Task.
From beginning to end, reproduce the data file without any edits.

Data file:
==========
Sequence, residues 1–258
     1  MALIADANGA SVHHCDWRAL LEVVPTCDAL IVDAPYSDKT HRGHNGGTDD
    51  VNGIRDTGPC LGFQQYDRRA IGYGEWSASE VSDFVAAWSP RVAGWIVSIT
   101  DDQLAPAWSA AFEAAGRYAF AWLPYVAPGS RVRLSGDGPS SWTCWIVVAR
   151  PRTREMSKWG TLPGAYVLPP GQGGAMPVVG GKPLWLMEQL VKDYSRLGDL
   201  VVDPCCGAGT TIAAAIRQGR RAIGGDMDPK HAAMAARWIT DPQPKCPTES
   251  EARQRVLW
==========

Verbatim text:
Sequence, residues 1–258
     1  MALIADANGA SVHHCDWRAL LEVVPTCDAL IVDAPYSDKT HRGHNGGTDD
    51  VNGIRDTGPC LGFQQYDRRA IGYGEWSASE VSDFVAAWSP RVAGWIVSIT
   101  DDQLAPAWSA AFEAAGRYAF AWLPYVAPGS RVRLSGDGPS SWTCWIVVAR
   151  PRTREMSKWG TLPGAYVLPP GQGGAMPVVG GKPLWLMEQL VKDYSRLGDL
   201  VVDPCCGAGT TIAAAIRQGR RAIGGDMDPK HAAMAARWIT DPQPKCPTES
   251  EARQRVLW